Sample Management Paper on Corporate Social Responsibility

Corporate Social Responsibility

Corporate social responsibility has been defined as the means of assurance to budding policies that incorporate answerable practices into day-by-day enterprise practice intended at reporting on advancements made in the daily direction of employing these practices. (Zutshi, 2015). Porter and Kramer (2006) stated that the social responsibility of a business encompasses the economic, legal, moral, and discretionary expectations that the society has of organizations at a given point in time(Porter & Kramer, 2006). The economic responsibility is considered the core enterprise responsibility and relates to profit maximization. Legal responsibilities are geared towards adhering to rules and regulations set by the government and are crucial to any business. The ethical responsibilities go beyond the basic economic and legal requirements for any entity. The discretionary duties are primarily philanthropic, and may include donating to various causes or contributing to society.

While criticism regarding the hierarchy has been posited by numerous authors, I do agree with the hierarchy. The emphasis on the economic responsibility being core stems from the fact that any entity has a duty to maximize shareholders’ wealth. Corporations need to maximize profits for them to remain afloat. Any entity that neglects this responsibility will become history in a matter of time. The economic responsibility is mainly self-regulatory and requires management to evaluate continually and focus their efforts on. The fact that businesses need to generate revenues to remain afloat makes the economic responsibility the essential component in the CSR hierarchy.

The second most significant responsibility in the hierarchy is legal. This obligation includes meeting the legal requirements of the nation the entity is conducting business in. Requirements and regulations guide companies, and the failure to adhere to these requirements occasion dire consequences for enterprises. The case of Enron shows how critical this responsibility is for enterprises. Businesses thus strive to adhere to legal obligations formulated by the government to avoid the adverse consequences.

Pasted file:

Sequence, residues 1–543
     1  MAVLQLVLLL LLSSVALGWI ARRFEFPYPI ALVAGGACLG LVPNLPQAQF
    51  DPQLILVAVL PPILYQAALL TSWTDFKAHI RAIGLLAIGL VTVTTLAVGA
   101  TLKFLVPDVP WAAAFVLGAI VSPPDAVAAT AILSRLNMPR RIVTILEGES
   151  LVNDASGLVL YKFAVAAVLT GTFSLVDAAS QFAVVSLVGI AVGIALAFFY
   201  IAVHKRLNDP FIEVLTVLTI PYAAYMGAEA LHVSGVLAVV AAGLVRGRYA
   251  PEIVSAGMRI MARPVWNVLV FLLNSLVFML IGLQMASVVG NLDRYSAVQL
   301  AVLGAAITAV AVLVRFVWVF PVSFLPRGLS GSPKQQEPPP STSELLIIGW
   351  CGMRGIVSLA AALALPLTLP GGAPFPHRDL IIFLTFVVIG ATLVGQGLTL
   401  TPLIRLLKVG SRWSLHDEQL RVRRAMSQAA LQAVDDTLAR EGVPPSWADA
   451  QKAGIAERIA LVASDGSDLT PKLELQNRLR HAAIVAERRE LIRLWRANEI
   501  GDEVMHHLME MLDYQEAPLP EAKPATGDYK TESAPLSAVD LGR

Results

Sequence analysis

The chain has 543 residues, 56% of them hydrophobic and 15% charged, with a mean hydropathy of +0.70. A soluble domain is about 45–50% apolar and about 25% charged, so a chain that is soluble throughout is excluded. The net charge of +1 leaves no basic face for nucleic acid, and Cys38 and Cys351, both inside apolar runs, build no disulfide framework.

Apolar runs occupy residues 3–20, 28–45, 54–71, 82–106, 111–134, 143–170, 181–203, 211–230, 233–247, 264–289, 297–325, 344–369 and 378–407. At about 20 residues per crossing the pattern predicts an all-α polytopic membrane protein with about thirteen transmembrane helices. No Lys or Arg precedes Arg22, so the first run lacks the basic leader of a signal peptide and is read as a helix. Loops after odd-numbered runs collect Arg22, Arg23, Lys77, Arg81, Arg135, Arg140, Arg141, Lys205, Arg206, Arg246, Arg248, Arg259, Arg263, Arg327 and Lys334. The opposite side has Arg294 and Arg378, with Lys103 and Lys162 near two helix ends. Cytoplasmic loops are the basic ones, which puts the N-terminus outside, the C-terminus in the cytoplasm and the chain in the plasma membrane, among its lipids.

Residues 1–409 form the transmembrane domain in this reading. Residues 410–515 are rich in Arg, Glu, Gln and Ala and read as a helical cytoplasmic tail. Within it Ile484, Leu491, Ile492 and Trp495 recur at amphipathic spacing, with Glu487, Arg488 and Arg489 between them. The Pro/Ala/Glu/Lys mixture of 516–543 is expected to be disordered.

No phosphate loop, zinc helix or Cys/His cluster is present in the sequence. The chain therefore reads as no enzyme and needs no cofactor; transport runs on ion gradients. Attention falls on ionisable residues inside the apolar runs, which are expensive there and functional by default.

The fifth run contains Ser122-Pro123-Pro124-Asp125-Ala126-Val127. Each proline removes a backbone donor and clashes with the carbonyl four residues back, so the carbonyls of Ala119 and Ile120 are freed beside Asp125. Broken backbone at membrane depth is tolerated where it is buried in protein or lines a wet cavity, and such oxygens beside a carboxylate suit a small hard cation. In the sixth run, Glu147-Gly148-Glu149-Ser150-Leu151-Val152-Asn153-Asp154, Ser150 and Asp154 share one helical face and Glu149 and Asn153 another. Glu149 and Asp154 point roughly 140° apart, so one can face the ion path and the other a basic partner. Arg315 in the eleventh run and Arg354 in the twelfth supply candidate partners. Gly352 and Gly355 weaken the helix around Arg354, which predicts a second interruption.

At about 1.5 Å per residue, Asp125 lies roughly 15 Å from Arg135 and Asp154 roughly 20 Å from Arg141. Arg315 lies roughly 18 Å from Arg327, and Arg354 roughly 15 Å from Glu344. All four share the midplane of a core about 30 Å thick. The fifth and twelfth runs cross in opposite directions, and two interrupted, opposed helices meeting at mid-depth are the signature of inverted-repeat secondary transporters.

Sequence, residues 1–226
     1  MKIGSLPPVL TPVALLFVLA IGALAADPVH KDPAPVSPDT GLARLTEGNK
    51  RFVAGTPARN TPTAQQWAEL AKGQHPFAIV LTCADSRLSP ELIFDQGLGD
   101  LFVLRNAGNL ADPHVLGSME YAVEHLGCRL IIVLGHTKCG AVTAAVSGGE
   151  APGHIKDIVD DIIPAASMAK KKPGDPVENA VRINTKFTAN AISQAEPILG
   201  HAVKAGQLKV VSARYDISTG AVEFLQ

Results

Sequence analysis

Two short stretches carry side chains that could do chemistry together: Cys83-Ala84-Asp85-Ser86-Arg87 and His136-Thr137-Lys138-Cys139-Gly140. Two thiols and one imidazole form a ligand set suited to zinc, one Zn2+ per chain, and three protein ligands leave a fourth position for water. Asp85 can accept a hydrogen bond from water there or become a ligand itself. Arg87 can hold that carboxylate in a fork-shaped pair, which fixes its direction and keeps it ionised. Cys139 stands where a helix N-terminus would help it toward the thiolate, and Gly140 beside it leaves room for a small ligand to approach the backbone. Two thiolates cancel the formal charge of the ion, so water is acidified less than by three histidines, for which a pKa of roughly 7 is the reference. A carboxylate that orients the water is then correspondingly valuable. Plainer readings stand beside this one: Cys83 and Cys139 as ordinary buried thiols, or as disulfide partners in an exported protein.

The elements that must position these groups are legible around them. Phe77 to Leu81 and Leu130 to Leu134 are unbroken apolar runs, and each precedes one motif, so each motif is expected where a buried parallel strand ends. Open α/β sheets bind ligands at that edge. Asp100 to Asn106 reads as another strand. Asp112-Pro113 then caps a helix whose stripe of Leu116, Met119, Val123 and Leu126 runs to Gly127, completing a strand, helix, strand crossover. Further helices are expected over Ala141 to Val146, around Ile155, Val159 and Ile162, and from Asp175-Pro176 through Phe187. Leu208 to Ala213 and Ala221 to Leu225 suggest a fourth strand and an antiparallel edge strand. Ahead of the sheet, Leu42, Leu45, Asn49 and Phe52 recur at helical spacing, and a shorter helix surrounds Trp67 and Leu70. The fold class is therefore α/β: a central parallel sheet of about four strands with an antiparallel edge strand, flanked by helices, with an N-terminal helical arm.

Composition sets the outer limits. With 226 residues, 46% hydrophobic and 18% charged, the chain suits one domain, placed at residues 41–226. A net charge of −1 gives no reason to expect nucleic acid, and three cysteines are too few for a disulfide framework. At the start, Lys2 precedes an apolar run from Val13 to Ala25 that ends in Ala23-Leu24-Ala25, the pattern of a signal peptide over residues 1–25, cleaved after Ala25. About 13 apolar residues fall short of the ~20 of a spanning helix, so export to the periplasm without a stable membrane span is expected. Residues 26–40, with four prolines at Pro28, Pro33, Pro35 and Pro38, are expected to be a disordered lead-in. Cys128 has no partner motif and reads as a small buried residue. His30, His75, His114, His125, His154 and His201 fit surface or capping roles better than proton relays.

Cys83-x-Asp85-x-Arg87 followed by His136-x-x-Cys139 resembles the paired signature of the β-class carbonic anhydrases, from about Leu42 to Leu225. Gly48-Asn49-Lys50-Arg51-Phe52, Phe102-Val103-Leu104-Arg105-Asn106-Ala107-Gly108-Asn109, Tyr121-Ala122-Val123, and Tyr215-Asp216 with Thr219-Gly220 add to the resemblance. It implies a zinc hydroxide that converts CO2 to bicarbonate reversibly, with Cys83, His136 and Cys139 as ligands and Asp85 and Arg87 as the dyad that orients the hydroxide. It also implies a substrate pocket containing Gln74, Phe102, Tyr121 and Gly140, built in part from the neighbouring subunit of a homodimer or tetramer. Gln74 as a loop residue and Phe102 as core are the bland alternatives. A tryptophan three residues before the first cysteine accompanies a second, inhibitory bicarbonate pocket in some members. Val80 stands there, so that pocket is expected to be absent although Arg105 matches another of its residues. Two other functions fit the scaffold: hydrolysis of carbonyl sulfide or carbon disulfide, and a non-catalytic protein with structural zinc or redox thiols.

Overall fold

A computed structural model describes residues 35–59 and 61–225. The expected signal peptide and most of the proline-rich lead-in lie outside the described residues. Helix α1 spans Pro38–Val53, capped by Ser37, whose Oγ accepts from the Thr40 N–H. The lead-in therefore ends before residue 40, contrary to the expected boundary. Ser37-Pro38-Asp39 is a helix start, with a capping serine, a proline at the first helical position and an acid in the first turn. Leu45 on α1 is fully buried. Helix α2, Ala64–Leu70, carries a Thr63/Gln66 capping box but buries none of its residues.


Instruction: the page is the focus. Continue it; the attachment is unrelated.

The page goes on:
The third most important responsibility in the hierarchy encompasses the ethical requirements for business enterprises. These duties are usually expected by organizational stakeholders since there are rarely any government laws to enact this responsibility. Governments may, however, interfere in some instances if an entity’s practices are detrimental to the welfare of the majority. This responsibility is not as significant as the former two, and thus its position in the CSR hierarchy.

The last responsibility is discretionary. This responsibility is not required for businesses, and thus is philanthropic in nature. It is initiated for public relations purposes and advertisement, which is why it is placed at the highest level in the hierarchy (Tuzzolino & Armandi, 2008). These philanthropic efforts include contributing to society and donating to various community causes.

In conclusion, the CSR hierarchy has received criticism from numerous sources that argue that there is no need to represent CSR as a hierarchy (Hockerts, et al., 2008). Others argue that there are weak or no relationships between the activities in each level of the hierarchy. The hierarchy is divided into four responsibilities; economic, legal, ethical, and discretionary, with the economic responsibility being the most significant for business entities. The economic responsibility is the most important since it is consonant with the primary responsibility of every firm; maximizing shareholders’ wealth. The legal obligation is second in the hierarchy and geared at adhering to government rules and regulations. The ethical and discretionary responsibilities come in third and fourth in the hierarchy. I thus agree with the CSR hierarchy of responsibilities.

References

Hockerts, K. et al., 2008. An Overview of CSR Practices Response Benchmarking Report, Fontainebleau: INSEAD.

Porter, M. E. & Kramer, M. R., 2006. The link between competitive advantage and corporate social responsibility. Academy of Management Review, 84(12), pp. 78-92.

Tuzzolino, F. & Armandi, B. R., 2008. A Need-Hierarchy Framework for Assessing Corporate Social Responsibility. The Academy of Management Review, 6(1), pp. 21-28.

Zutshi, A., 2015. What is CSR, lecture notes distributed in MMM313 Corporate Social Responsibility at the Deakin University. [Online] [Accessed 21 May 2015].